- Something about him I didn’t know before: Schilling is actually Smoltz’s number one most comparable pitcher on BBREF. Yes, there’s a theme emerging here.
- Best-case scenario: Juuuuuuust sneaks by in a squeaker of a four-man election in which he trails Biggio and the two great pitchers.
- Worst-case scenario: He debuts at 40%…just like Schilling did two years ago.
MILLER: We really disagree on how the voters will view Smoltz. I think they’re going to see the third guy in the Maddux, Glavine, Smoltz triumvirate. I think he’ll top 80%.
Let’s now discuss someone who won’t.
- Key strengths: He was baseball’s all-time saves leader from early 1993 until early 2006. And he was intimidating or dominant or whatever other adjective voters want to use to justify a vote.
- Key flaws: He wasn’t that valuable. As relievers go, he has some competition on this ballot even from Tom Gordon. And voters have gotten better about gaudy saves totals, as evidenced by Smith’s fall from over 50% of the vote three years ago to under 30% last year.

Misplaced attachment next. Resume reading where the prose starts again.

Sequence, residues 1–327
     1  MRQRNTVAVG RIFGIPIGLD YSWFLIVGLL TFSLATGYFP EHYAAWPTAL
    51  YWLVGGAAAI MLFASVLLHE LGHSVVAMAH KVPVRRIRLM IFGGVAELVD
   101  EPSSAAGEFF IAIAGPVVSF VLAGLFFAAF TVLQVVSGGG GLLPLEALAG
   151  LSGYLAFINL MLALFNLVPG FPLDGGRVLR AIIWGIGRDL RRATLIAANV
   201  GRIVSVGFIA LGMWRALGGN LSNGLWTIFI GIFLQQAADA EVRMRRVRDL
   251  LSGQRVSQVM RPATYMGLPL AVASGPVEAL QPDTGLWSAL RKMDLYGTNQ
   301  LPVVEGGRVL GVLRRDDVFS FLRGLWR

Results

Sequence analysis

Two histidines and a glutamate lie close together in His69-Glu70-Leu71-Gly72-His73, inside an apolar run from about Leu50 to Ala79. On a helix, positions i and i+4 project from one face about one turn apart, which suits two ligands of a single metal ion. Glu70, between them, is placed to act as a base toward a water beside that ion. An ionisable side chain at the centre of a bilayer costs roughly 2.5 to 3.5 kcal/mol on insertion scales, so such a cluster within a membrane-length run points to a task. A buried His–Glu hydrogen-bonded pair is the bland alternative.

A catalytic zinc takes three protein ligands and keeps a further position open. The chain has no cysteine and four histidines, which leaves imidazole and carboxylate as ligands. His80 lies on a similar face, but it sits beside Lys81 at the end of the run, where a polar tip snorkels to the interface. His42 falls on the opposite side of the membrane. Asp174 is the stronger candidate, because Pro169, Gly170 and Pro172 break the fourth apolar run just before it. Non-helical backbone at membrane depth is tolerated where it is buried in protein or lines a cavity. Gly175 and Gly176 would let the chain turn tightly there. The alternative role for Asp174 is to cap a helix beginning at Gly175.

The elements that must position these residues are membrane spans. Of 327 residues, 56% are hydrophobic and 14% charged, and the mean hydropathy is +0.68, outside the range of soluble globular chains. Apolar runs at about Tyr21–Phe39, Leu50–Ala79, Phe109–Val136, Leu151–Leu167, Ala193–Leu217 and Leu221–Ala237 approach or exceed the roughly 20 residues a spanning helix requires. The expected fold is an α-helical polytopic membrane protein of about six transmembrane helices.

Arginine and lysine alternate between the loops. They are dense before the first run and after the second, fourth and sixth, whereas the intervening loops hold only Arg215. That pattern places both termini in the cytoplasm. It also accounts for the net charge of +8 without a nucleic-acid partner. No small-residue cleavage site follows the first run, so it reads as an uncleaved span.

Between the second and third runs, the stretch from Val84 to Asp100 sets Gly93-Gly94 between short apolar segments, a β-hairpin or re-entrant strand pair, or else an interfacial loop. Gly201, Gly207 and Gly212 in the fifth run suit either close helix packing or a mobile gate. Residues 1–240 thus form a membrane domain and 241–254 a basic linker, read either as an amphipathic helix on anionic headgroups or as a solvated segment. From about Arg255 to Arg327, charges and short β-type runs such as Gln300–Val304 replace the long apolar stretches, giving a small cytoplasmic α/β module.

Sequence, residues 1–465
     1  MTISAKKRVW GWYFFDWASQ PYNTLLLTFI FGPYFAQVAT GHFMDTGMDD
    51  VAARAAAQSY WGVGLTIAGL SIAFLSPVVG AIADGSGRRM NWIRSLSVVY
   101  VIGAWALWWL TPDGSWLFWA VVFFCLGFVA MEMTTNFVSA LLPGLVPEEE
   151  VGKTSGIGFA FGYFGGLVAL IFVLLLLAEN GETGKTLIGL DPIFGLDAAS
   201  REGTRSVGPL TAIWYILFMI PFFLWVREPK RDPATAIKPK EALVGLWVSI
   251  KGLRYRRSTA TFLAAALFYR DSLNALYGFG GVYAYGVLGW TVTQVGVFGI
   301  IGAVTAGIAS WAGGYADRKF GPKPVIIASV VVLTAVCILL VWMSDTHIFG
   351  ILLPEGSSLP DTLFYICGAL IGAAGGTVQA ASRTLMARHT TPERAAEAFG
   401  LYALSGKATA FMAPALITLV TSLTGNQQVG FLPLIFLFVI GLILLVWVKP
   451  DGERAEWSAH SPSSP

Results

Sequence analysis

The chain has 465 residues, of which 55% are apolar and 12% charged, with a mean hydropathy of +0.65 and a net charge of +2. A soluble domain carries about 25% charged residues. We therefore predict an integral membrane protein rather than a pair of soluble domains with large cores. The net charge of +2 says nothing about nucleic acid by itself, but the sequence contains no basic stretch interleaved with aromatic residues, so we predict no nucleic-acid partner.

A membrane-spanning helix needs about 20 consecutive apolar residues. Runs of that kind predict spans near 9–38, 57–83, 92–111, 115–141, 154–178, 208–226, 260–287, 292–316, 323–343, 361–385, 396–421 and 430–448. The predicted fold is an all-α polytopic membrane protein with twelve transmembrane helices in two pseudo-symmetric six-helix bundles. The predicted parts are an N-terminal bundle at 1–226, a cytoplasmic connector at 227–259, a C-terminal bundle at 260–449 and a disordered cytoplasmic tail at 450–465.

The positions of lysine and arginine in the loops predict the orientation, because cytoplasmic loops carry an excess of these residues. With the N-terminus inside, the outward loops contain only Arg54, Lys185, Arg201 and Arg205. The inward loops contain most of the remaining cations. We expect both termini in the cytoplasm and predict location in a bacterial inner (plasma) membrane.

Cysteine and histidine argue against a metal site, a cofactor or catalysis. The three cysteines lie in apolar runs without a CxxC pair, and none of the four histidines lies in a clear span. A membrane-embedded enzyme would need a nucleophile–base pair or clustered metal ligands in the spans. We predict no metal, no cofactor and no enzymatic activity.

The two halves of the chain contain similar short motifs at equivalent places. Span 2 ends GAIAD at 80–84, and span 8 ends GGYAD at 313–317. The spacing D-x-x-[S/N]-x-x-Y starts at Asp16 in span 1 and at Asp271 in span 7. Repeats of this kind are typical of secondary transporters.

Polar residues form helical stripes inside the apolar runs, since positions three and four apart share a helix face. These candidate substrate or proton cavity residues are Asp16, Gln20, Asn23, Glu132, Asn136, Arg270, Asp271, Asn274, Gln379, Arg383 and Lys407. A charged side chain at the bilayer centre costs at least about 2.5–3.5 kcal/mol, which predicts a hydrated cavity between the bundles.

- Key question for voters: Will being in the group with Rollie Fingers and Bruce Sutter be enough to garner a vote, or will being in a group with John Franco and Jeff Reardon be enough to deny one.
- Something about him I didn’t know before: Only he and Gene Garber have both 200 saves and 100 intentional walks. Ooh, exciting.
- Best-case scenario: I don’t think there’s any good scenario for Lee Smith and his fans as it pertains to the Hall.
- Worst-case scenario: He drops in his 13th season, in his 14th season, and again in his 15th season on the ballot. The incarnation of the VC that reviews his case sees him for what he was, really good at his craft but not a standout. He never gets a whiff of the Coop.
ERIC: That’s the pitchers, or at least the ones that matter. With six of them being, in our opinion, easy Hall of Famers (or five for the anti-dopers), it’ll be tough for us, let alone the BBWAA to narrow the field. Lucky for us, we won’t have to do that until Wednesday. Unluckily for us, we don’t get to do it for real. In the meantime, see you Monday when we preview the hitters.